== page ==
Further reading


Documentaries, videos and podcasts





Jacqueline Renfrow
August 19, 2020
Cancer does not take a break during a pandemic. Here's a patient experience about what it was like returning for treatment amid fears of contracting the virus.
Jessica Hamzelou
August 21, 2020
New Scientist
The microbes embedded in a tumour seem to influence how a person's cancer will develop and how well they will respond to treatment
Emma Yasinski
August 19, 2020
New Scientist
Some cancer cells spread through the lymphatic system where they can pick up a jacket of fatty acids that protect them against damage and let them travel further in the body
Press Trust of India
August 19, 2020
According to the statement, tobacco-related cancer is estimated to contribute 370,000 cases which is 27.1 per cent of the total cancer burden in 2020
August 11, 2020
New research suggests that although sociodemographic factors have been associated with poor outcomes for patients treated for testicular cancer, guideline-directed, expert care can help to address this issue. The findings are published early online in CANCER, a peer-reviewed journal of the American Cancer Society (ACS). Numerous barriers to optimal treatment for testicular cancer exist in underserved populations, such as individuals from ethnic minorities and lower socioeconomic strata...
July 7, 2020
New research found that the likelihood of being diagnosed with advanced cancer decreased among individuals with low income after expansion of Medicaid coverage. The findings are published early online in CANCER, a peer-reviewed journal of the American Cancer Society (ACS). The Affordable Care Act expanded Medicaid coverage for most adults in the United States with incomes up to 138% of the federal poverty level, and many states opted to do so starting in 2014. This led to increased enr...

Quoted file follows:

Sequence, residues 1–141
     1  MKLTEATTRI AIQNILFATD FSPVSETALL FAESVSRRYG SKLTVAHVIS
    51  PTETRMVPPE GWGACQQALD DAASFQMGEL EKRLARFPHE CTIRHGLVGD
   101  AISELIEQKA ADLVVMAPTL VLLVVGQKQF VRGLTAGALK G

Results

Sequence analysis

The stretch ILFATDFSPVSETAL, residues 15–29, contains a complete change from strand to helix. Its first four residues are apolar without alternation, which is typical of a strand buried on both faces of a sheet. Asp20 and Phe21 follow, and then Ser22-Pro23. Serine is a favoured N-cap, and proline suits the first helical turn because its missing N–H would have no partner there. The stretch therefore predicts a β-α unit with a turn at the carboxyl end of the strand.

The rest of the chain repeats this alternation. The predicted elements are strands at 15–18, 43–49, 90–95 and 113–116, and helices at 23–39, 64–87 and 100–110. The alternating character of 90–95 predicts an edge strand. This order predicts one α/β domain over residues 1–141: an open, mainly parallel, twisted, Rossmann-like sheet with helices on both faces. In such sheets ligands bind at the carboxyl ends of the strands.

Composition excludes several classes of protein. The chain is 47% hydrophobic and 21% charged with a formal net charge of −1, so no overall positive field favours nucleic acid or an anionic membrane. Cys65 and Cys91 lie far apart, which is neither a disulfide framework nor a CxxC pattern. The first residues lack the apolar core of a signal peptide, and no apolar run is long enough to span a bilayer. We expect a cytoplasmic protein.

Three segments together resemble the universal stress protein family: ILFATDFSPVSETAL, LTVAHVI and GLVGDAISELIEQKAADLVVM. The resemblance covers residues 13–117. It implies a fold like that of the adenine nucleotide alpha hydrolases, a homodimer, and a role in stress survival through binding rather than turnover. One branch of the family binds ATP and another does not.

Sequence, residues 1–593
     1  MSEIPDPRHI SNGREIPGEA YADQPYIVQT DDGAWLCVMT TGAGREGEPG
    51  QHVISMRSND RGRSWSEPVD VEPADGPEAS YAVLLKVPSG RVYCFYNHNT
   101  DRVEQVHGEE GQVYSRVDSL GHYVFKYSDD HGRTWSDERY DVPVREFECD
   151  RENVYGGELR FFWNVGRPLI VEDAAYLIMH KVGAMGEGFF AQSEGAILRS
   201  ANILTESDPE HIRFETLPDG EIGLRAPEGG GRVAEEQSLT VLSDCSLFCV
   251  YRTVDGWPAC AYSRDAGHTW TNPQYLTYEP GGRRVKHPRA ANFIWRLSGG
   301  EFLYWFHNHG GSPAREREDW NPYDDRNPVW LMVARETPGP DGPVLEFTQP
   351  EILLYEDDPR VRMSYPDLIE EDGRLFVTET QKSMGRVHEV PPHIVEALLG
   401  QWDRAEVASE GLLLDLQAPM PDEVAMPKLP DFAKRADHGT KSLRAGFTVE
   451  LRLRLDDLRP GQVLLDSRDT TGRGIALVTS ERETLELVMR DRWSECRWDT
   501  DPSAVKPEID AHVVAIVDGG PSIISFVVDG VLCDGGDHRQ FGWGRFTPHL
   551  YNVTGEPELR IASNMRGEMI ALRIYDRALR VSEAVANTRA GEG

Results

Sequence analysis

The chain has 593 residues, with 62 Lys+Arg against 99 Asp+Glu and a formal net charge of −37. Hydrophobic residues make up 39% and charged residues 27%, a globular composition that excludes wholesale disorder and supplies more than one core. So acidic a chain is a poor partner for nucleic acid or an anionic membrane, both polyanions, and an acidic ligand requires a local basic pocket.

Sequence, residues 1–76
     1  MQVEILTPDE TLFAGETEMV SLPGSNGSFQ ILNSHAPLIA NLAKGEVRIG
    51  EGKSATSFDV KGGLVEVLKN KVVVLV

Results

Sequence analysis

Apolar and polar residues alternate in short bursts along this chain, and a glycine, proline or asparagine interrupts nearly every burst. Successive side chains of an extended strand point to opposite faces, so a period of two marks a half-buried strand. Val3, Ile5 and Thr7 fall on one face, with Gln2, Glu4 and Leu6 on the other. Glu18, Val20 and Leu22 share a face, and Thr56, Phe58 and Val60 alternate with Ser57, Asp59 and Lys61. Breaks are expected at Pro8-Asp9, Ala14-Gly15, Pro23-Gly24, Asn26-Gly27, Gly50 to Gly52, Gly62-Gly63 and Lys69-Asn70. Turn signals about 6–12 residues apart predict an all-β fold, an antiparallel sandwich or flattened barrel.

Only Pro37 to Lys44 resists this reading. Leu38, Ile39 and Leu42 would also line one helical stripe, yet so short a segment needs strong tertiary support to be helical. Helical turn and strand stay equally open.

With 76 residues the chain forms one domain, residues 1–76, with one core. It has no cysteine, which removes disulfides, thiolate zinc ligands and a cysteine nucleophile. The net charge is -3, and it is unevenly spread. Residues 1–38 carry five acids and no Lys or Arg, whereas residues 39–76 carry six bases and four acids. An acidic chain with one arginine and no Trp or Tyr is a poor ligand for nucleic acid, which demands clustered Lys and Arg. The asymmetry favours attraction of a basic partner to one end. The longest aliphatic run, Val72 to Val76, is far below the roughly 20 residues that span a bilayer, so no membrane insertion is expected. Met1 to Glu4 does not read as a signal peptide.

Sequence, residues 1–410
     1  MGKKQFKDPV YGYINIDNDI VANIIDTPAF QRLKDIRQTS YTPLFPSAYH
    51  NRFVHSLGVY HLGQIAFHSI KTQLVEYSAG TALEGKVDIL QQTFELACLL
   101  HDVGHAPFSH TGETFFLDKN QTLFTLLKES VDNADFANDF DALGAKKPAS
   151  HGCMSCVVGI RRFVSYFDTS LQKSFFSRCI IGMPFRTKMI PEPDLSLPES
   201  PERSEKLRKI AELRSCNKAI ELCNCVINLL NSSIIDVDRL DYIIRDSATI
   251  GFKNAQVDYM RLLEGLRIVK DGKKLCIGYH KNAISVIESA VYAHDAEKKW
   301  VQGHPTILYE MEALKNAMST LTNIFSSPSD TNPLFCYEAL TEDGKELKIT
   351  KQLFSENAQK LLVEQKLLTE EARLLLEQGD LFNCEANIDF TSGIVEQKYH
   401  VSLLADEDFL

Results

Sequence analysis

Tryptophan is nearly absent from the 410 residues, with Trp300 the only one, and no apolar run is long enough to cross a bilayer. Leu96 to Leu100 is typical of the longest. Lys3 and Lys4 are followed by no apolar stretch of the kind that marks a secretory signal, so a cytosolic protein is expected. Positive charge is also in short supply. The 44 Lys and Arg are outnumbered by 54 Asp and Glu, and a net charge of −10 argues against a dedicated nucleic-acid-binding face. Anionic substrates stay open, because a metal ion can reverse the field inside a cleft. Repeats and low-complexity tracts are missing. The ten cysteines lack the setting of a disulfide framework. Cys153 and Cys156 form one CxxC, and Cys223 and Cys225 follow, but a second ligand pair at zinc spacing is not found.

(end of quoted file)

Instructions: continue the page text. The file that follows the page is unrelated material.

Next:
By Jonathan Chadwick For Mailonline
July 1, 2020
Mail Online
Researchers in Australia found that olaparib, which is known by the brand name Lynparza, damaged the store of immature eggs in the ovaries of mice.
June 16, 2020
In the early days of the pandemic, patients and doctors were uncertain about how they would proceed with research -- but no one ever doubted that they would.
June 8, 2020
An educational video about hospice care can provide valuable information for patients with advanced cancer and their caregivers, improve perceptions of this quality form of care at the end of life, and increase its use. These are the findings of a study published early online in CANCER, a peer-reviewed journal of the American Cancer Society (ACS). Hospice delivers high-quality care to patients who are dying, and it typically uses less aggressive and less costly care at the end of life....
May 26, 2020
The diagnosis of cancer in a child can be devastating to parents and other loved ones, but in a recent study from Denmark, having a child with cancer did not appear to impact parents' risk of separation or divorce or affect future family planning. The findings are published early online in CANCER, a peer-reviewed journal of the American Cancer Society (ACS). Childhood cancer can cause feelings of fear and uncertainty among parents and burden them with many practical challenges related...
Amirah Al Idrus
May 22, 2020
Syndax's lead cancer drug failed a phase 3 study in metastatic breast cancer, leading the company to abandon an FDA filing in that indication. The phase 3 study found that adding entinostat to hormone therapy did not help patients with HR-positive, HER2-negative breast cancer live longer compared to the hormone therapy alone.
April 22, 2020